Richard Ruelas: What do you expect to hear from people on the south end, the Pecos Road alignment? What kind of comments from that time? From that neighborhood.

Timothy Tait: Sure, well, we expect comments you would really expect any time a freeway would be proposed in a neighborhood and that's impacts from noise, air quality, light effects, losing the view they currently have. There's all kind of impacts. What it comes down to is you can't build a major transportation infrastructure improvement like a freeway without there being some sort of impacts to the community. But we have to weigh those impacts with the benefits. And ultimately this freeway would carry about 140,000 vehicles a day on its planning horizon. So yes, there's going to be impacts. Really, we try to mitigate those as best we can, and really look at what is needed for the future of the corridor.

Richard Ruelas: The cars that would be going through South Mountain Freeway, is that new traffic or is that cars that are being removed from, say, I-10 and the Broadway curve going into downtown or the west side from the east side?

Timothy Tait: It's exactly that, that exchange of traffic from the Southeast Valley to the Southwest Valley. Traffic right now that's using the Broadway curve and Baseline Road and some of those other arterial streets, the Broadway curve, anybody who drives it knows it's highly congested. There are a lot of vehicles going through there right now. We're looking at 2030 and what traffic conditions are going to be there and we're seeing a significant information to traffic. So we're trying to find solutions today to our traffic problems tomorrow.

Richard Ruelas: I know statutorily you have to have this public hearing. On a practical effect, what difference do public comments make? Can they actually move line on the plan?

Timothy Tait: They can make a difference. ADOT hasn't made decision whether or not this freeway will be built. This is still a proposal. That really is the effort right now, to bring this to a conclusion, to make a decision whether or not this freeway will or will not be constructed. That's where we're at right now. That's why we want to hear from people to, make that evaluation a final decision so, people across the alignment can know what's going to happen.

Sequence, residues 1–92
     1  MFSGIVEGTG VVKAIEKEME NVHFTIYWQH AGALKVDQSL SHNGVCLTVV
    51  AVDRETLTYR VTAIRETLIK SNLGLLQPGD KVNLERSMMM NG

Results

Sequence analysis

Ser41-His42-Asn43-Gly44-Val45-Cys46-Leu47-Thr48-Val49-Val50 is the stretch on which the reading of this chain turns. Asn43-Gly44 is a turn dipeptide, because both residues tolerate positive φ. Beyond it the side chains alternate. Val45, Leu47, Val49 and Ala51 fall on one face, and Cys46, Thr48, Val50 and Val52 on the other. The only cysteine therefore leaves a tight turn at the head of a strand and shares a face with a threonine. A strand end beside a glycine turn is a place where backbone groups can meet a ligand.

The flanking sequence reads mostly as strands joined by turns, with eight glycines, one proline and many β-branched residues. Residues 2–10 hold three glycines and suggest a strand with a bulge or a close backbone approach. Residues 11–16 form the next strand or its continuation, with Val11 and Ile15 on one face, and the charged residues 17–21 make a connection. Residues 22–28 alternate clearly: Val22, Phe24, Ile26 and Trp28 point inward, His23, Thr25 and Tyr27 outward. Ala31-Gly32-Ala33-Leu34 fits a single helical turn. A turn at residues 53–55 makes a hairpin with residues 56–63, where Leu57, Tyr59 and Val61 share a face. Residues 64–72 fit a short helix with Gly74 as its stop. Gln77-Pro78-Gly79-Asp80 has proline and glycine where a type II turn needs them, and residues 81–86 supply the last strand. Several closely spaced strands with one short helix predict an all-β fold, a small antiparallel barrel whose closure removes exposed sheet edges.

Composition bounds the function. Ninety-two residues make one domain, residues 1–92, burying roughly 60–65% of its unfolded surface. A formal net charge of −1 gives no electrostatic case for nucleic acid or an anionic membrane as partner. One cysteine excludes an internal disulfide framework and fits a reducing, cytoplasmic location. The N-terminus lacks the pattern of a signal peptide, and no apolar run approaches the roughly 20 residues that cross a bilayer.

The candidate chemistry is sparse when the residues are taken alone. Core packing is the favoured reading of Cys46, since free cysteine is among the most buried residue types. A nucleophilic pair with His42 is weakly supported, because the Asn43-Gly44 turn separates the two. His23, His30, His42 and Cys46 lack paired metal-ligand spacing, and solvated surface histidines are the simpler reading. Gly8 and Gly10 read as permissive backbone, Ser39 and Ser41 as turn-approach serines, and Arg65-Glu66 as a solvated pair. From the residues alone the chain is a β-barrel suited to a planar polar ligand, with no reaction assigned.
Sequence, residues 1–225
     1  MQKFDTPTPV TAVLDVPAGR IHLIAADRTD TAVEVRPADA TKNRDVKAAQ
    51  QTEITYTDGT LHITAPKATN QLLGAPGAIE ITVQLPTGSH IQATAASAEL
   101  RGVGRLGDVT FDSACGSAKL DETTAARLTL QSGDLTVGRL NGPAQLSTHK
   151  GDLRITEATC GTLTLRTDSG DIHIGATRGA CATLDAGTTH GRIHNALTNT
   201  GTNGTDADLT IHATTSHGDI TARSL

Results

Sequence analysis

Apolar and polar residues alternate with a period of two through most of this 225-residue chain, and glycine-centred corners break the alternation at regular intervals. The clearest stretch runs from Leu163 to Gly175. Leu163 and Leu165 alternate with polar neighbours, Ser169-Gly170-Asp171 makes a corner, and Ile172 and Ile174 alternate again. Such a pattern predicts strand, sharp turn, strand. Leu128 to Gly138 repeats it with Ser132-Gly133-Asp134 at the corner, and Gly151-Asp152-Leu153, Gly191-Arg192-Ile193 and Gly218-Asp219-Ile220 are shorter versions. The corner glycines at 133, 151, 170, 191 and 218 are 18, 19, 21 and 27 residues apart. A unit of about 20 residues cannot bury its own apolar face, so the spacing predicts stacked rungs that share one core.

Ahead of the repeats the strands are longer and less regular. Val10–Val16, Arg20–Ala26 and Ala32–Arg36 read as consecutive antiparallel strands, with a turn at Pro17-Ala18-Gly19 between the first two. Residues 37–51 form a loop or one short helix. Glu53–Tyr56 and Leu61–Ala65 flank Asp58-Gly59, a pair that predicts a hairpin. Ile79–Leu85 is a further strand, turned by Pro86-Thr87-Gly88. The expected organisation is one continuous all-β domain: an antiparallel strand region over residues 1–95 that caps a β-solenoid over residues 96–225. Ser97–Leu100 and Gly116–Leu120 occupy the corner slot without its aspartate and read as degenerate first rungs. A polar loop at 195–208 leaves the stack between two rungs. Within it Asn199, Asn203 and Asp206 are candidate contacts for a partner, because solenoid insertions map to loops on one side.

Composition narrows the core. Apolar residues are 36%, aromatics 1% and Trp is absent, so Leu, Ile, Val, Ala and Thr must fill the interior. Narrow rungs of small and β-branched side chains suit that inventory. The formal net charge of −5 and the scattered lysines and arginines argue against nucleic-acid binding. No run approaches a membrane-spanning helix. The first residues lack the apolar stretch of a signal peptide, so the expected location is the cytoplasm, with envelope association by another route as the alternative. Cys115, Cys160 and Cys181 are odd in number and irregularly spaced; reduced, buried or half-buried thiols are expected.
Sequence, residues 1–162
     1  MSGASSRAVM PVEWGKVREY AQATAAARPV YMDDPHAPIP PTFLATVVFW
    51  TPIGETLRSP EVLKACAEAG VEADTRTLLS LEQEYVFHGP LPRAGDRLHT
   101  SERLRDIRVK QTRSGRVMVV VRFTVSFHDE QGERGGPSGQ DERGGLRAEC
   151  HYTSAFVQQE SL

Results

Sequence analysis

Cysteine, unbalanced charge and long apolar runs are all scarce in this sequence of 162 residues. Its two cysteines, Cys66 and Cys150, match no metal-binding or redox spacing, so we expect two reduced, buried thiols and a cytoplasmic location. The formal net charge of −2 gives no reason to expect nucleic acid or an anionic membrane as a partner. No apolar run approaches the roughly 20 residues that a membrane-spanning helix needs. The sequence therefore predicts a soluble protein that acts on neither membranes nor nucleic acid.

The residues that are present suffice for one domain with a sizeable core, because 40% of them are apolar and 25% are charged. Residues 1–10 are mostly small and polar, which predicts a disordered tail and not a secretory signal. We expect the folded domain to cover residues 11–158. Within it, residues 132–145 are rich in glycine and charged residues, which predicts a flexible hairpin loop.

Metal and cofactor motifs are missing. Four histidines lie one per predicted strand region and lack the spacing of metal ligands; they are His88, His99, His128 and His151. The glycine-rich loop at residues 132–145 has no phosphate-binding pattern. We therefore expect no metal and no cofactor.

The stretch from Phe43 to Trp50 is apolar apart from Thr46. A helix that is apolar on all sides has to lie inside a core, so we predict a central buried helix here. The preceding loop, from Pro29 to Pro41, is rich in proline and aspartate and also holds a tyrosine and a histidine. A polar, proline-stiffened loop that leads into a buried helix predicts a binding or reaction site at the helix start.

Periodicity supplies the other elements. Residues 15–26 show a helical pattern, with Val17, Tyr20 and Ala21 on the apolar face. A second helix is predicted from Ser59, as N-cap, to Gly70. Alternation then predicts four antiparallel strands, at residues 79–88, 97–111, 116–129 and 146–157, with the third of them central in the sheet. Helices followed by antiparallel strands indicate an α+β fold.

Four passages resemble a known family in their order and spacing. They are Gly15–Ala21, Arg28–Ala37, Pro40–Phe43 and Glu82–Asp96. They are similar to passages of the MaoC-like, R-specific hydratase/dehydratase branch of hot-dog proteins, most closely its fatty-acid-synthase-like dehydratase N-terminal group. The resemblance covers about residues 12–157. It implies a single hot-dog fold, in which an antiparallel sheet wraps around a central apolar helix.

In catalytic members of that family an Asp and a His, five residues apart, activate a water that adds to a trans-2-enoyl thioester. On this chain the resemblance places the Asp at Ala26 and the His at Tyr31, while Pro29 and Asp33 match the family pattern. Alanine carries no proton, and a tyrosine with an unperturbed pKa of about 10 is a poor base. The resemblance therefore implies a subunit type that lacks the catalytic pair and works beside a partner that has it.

Richard Ruelas: Are the comments sort of gathered, summarized? Are the decision-makers at the hearing all day or given a concise summary of what's said?

Timothy Tait: Because comments come in during the 90-day comment period, they are sorted and responded to in the final environmental impact statement That really allows the document to be shaped based on that 90-day comment period.

Richard Ruelas: And finally right now this study did not include any Gila River land because the tribe has not put it out to the members if they want the freeway to go through tribal land. If that happens, do we have a new preliminary environmental impact study? Another public hearing, another environmental impact study finally?

Timothy Tait: Yeah. If an alignment were to development on the Gila River Indian community through new actions, we would have to study that. And it would certainly be another part of the process.

Richard Ruelas: But the environmental impact would then -- is it changing the entire study, or is it just looking at this small segment that would go through the tribal --

Timothy Tait: It would just be an addendum to the study. It would be additional work to study a new alternative.

Richard Ruelas: So maybe a slight delay but not years-long delay?

Timothy Tait: Could be a couple years.

Richard Ruelas: Timothy Tait, I appreciate you joining us, thank you so much.

Timothy Tait: You're welcome.

Timothy Tate:Arizona Department of Public Transportation;